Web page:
For the Call of Duty franchise, the Modern Warfare series has a very distinguished ancestry for the first person shooting genre. Beginning with the release of Call of Duty 4: Modern Warfare back in 2007, Activision and the developers at Infinity Ward ushered in a new benchmark and new standard of first person shooting, which at the time was over-saturated with World War II titles. Bringing the conflict to a modern setting set the next trend for other competing games to follow suit. Fans of series became attached to the characters they created, the environments they were placed in, and the shock-and-awe moments that certain chapters presented, truly showcasing the grittier and darker sides of combat.
It wasn’t too long before the modern setting became the new norm that replaced World War II, and as a result, futuristic warfare became the standard, which then brought players back to the start of the cycle with Call of Duty: World War II. Activision took a large, and rather risky departure from the traditional formula last year with the release of Black Ops 4 – a title that omitted any single player content and instead offered players a plethora of multiplayer content, including their first foray into the increasingly popular Battle Royale genre with Blackout. At the time, I gave the game glowing praise, though I did mention that the lack of a single player story was definitely missed. Black Ops 4 also rubbed some fans the wrong way with their market system, locking certain weapons behind a timed paywall, on top of other micro transactions and the typical map packs.
Infinity Ward (and Activision) certainly paid attention and listened to the criticisms. In an effort to bring things back to where – for many gamers – the series was at its very best, Infinity Ward were proud to announce Call of Duty: Modern Warfare. It’s a return to form in more ways than one, bringing back a single player campaign and promising a multiplayer free from the same paywall structure by ditching the season’s pass and enabling the company to distribute free post-launch content to all players. It’s a bold move in an industry that seems to have fully embraced downloadable content that consumers pay for a premium, and one that has definitely had fans excited.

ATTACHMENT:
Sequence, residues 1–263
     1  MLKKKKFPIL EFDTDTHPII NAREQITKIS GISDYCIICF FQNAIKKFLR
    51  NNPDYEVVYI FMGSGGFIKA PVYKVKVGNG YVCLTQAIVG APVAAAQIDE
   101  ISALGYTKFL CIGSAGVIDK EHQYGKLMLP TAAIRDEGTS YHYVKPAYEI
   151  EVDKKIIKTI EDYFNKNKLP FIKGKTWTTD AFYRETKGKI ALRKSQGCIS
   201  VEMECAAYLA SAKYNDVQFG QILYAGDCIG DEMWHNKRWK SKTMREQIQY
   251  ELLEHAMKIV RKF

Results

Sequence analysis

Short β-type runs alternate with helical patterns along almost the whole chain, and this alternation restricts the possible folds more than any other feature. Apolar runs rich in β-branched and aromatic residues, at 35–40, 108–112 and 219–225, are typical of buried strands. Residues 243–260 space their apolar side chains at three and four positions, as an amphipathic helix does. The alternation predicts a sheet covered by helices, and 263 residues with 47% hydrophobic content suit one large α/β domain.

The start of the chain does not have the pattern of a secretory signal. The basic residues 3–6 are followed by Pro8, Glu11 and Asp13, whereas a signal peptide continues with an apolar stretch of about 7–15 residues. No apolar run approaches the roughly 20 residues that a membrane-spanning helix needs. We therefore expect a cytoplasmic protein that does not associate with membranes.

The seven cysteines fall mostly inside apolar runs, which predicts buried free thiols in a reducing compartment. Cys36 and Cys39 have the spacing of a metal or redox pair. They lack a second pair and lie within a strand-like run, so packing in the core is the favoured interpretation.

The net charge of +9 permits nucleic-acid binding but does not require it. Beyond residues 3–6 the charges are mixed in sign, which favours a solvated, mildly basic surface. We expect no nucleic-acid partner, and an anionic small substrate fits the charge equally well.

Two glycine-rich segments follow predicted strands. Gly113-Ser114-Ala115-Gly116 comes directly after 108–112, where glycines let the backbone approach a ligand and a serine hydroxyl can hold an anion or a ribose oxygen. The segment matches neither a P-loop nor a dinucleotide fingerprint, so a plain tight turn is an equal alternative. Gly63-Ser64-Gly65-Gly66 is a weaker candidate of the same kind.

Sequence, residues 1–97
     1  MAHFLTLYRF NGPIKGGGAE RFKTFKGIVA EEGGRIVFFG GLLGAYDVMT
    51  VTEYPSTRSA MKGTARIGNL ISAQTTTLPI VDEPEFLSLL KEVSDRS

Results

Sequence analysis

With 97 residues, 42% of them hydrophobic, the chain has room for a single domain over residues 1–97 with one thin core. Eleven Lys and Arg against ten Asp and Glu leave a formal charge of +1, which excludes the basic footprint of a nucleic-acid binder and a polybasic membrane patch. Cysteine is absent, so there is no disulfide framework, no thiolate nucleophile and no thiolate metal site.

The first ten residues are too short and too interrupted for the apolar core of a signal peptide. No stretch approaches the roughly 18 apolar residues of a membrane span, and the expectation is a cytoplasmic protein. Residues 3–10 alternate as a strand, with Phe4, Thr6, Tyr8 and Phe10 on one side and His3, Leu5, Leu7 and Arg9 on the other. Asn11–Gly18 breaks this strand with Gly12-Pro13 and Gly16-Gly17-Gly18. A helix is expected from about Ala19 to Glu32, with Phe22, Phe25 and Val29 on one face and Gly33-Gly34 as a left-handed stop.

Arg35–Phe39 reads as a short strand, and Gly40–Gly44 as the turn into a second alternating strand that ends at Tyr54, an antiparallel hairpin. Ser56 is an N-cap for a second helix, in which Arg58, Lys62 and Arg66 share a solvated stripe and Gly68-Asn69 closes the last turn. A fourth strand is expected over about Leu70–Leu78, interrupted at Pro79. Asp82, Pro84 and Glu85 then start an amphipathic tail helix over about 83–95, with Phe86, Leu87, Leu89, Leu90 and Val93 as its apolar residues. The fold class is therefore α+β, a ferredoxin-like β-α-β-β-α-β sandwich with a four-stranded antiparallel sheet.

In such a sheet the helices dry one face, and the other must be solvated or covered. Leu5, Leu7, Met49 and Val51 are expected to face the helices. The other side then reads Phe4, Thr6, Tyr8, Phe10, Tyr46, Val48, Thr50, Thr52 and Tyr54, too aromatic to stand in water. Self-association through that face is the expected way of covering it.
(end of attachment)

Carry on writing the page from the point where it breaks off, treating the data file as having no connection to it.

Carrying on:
Call of Duty: Modern Warfare serves as a soft-reboot of the famous franchise; it’s wiping the slate clean and starting with a new story taking place in 2019, with reimagined characters and fan favourites, like Captain John Price. While it was a little jarring to disassociate the timelines, I found this ultimately to be a fresh approach at reviving the Modern Warfare brand; it brings things into the now and doesn’t need to explain any gaps in time from the events of Modern Warfare 3 – the former series’ conclusion.
Because of the modern setting, some have been rather discomforted by displaying gratuitous violence in in a timeframe that’s “too current” with what’s happening in our world and the atrocities we may hear in the news. While the story does pit players into action heavy segments, it’s not as reliant on high octane set pieces that the franchise is known for.